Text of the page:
Guerrero Elementary generally doesn't make a huge sum of money off Box Tops — about $300 every four months, Whitlach estimated, but it can go a long way. The money has funded playground equipment, dances, parties, and also a giant minion piñata — a feature Whitlach said the kids particularly relish.
Some schools rely on Box Tops bucks to fund extra educational activities for students. Audra Friis, mother of two and the VP of the PTA at Rolling Hills Primary School in Commack, New York, said that all money raised (somewhere in the thousands, Friis said) from Box Tops goes towards the school's Arts in Education programs.
"We fund field trips to museums, virtual field trips like the Philadelphia Zoo, and have guests at school to present programs [on subjects] like anti-bullying," said Friis.
At the end of every school year, the class with the most Box Tops collected receives Barnes & Noble gift cards "to promote reading through the summer," she said.
Other schools may use the money to help teachers with expenses that aren't already covered by the school.
"We're a new school, so this past first year our teachers needed a lot of things like books and rugs," said Lauren Smith, a PTO member at Pineapple Cove Classical Academy, adding that in its inaugural year, the school raised $1,564 in Box Tops.
"The goal for this year is $2500," said Smith, adding that the school's Box Top Coordinator, Christy Clayson, installed a "Reaching for the Stars" board in the school's cafeteria to allow kids to keep track of their class's Box Top progress.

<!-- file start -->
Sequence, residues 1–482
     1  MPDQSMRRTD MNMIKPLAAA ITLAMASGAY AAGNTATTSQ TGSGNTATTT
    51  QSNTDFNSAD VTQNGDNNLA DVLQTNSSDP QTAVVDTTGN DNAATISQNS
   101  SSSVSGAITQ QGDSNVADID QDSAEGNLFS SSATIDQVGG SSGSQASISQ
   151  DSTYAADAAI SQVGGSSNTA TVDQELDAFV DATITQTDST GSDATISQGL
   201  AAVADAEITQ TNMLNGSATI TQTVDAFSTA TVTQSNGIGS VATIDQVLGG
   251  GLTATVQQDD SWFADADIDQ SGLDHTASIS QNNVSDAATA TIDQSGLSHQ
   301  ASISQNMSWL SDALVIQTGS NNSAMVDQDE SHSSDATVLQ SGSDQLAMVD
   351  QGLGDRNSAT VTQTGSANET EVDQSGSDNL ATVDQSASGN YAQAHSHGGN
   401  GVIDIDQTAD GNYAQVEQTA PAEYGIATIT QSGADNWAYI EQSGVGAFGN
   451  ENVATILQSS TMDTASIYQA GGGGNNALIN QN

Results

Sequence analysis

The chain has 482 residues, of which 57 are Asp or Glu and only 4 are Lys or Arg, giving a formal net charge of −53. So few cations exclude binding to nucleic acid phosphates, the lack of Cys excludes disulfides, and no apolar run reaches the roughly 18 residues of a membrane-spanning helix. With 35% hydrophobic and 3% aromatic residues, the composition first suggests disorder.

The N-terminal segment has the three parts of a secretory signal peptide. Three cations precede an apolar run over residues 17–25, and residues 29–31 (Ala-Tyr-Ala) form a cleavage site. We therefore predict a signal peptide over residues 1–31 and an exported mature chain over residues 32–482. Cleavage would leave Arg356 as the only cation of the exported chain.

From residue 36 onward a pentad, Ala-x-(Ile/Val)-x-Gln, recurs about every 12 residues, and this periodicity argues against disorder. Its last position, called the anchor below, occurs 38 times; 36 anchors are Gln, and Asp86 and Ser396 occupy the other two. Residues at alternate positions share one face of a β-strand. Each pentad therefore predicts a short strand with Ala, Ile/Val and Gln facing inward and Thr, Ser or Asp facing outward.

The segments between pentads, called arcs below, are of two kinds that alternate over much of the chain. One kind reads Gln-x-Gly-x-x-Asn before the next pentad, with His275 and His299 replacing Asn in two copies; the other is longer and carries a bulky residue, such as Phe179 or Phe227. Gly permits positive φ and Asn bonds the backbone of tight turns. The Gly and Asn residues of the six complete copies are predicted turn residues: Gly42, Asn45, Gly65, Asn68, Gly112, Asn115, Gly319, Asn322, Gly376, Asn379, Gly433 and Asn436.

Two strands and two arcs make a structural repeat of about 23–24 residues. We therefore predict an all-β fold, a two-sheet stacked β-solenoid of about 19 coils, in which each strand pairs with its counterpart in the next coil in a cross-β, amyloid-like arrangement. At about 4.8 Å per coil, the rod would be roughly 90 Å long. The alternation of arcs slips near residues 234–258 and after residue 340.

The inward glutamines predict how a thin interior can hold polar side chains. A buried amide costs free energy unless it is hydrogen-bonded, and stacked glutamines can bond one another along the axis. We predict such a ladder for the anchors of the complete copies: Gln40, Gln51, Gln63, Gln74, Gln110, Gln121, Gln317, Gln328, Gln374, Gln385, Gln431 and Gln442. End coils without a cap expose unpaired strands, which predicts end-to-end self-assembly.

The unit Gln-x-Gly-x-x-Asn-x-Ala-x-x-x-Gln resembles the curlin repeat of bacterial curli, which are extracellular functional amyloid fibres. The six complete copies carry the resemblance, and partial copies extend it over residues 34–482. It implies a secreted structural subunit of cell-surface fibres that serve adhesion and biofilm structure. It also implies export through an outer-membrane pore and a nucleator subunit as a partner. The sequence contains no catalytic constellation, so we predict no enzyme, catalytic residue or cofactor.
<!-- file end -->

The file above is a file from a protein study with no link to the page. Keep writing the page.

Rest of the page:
"If you have a purple star your class has brought in 50 or more, yellow means 100 or more, red is 250 or more, green is 500 or more, and white is 1500 or more," said Smith.
"The program has grown tremendously over the last 20 years, with 35 million (or 1 in 3) US households, and more than 80,000 schools, participating," said Audra Carson, marketing manager at General Mills, leading the Box Tops for Education program. "Overall, schools have earned $780 million from the program."
Recognizing and adding to the Box Top 20th birthday momentum, General Mills launched the Box Tops Bonus App, a feature that clues consumers in to Box Top offers from their brands and retailers. The app can also be used to scan receipts to automatically credit the bonus Box Tops directly to a school's account, which cuts down on the hassle of physically collecting the Box Tops.
"While traditional Box Tops on product packaging aren't going away, we wanted to give schools even more opportunities to earn with exclusive bonus offers available only through the app. We also hope to use the app to enlist the next generation of participants," said Carson, adding that the Box Tops website is also boasting a new feature: a crowdsourcing tool called the Clip Board.
"Instead of seeking money, schools can start a collection drive for Box Tops [using the Clip Board] to share their needs and allow supporters to send in Box Tops," said Carson, noting that so far the Clip Board has seen more than 6,000 collection drives and 175,000 pledges.